What I read
You can’t go wrong with an Ann Patchet novel. Think about it. Patron Saint of Liars. Bel Canto. The Magician’s Assistant. State of Wonder. I need say no more … except, The Dutch House.
Patchett’s latest novel tells the story of the Conroy family. Patriarch, Cyril, makes good in real estate after serving in World War II and buys his wife Elna the Dutch house, a beautifully crafted (although ostentatious) home built in 1922 with marble floored foyer, a ballroom, rich wall coverings, delft-tiled mantels, and life-sized portraits of the original owners, Mr. and Mrs. VanHoebeek, still hung in place. The young couple moves in with their four-year-old daughter Maeve and begins the aspirational life that so many sought after the war.
From the beginning, Elna hated the house, spending her time instead on serving the poor in her local parish, leaving Maeve and eventually her son Danny to their nanny, Fluffy. In many ways Elna is a mother in name only–and she finally leaves the family when Danny is four to work with Mother Theresa in India. (Or at least that was the plan.) But Maeve and Danny have each other and their beloved nanny, as well as the housekeeper Sandy and cook Jocelyn. Cyril is distant and detached in that Greatest Generation kind of way, but the reconstituted family works.
And then Andrea Smith arrives. That wicked step-mother who fills the pages of so many tales. She even brings two step-sisters, but Norma and Bright are anything but mean. It’s Andrea’s arrival that pivots the story.
Danny and Maeve are sent to private boarding schools. Mrs. Smith (as the siblings still call her) marks her territory: favorite meals are taken out of rotation, family traditions spurned, and Maeve kicked out of a fairy-tale bedroom for her younger step-sisters. The two are persona non grata in their own home.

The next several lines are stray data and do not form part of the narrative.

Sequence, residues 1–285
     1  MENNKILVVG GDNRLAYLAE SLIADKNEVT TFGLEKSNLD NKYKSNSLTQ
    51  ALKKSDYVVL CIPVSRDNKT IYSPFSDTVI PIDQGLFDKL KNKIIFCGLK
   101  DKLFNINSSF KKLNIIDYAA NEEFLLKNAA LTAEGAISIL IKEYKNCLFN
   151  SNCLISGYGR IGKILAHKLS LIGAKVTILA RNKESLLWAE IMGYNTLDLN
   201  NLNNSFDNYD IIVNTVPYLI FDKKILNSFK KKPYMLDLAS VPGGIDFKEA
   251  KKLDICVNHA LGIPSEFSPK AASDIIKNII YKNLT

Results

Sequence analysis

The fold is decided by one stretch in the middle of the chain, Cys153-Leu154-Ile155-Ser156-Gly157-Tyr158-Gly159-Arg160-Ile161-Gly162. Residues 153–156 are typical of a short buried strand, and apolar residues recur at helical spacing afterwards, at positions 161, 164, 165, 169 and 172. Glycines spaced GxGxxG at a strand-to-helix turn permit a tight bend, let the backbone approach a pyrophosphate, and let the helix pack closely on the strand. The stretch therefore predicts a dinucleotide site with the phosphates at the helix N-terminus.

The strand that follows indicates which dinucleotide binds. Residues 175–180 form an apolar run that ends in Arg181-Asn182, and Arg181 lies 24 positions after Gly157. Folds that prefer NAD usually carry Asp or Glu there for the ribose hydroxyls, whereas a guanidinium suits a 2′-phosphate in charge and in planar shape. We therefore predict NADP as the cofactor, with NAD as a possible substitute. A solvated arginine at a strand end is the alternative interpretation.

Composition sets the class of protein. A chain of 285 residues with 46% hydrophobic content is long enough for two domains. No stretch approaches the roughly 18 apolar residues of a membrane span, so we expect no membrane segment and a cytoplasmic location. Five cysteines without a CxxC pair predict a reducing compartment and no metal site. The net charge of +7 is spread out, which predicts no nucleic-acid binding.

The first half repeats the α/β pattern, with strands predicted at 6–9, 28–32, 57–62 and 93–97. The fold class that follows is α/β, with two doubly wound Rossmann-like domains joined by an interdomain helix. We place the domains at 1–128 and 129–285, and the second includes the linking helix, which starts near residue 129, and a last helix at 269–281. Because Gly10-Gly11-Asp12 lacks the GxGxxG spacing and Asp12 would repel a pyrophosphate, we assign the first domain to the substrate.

But it is the house that holds them in its embrace. Even when Danny is sent packing after Cyril’s death at age fifteen, even after the staff is let go, even after Maeve has made a life of her own and Danny marries, they return again and again to the house. The house, was, said Danny, “the … hero of every story, our lost and beloved country.” Sitting in Maeve’s car across the street after night falls, they wait while the lights switch on one by one and watch, trying to make sense of what once was and who they had become.
What I lived
I am myself an expert on houses. By the time I was thirteen I had lived in ten of them. Warren Road. JoyAnn Court. West Main Street. Ivan Drive. Brimfield. Summit. Edgewood. Sunrise Drive. Newcastle. Maxwell.
And each house held some sort of magic. The three flights up at West Main Street and my little ‘bedroom’ in the closet under the eaves. The sledding hill on Ivan Drive and the wide open basement, just right for learning to ride a two-wheeler with training wheels. The gravel road on Brimfield and listening to my dad laugh himself silly at the Smothers Brothers every Sunday night after I was tucked in bed. Summit, with its brown-painted wood floors that left chips of paint on the soles of your feet in humid weather and gauzy white curtains that floated on the breeze most summer nights. The woods behind Edgewood where we built forts, then played house for hours, and Sunrise Drive where Eric Sisson, my first crush, rode his pony over to give me a ride down the street. Newcastle, where my little brother got lost in the fields across the street on my watch, and where I made a pan of fudge to surprise my mom after work–only to have it upend in the freezer (where, for some reason known only to a budding 12-year-old cook I had set it to cool), milk chocolate drips puddling in the bottom of the cooler drawers in the ‘frig. And Maxwell. My final childhood home, fraught with family discord and drama, but a beauty unto itself, all timbered-stucco and brick. My bedroom with a window seat. (A window seat! Just like the girls in books …) Best friend down the street and bike rides around the lake.
Each and every house settled deeply in my bones, and I mourned each and every leaving. But I realize now that those houses have become heroes in my story.
Which is to say that a novel like The Dutch House reaches out, pulls me in, and settles me comfortable-like in its
lap pages to watch the story unfold, just as I’ve watched my own.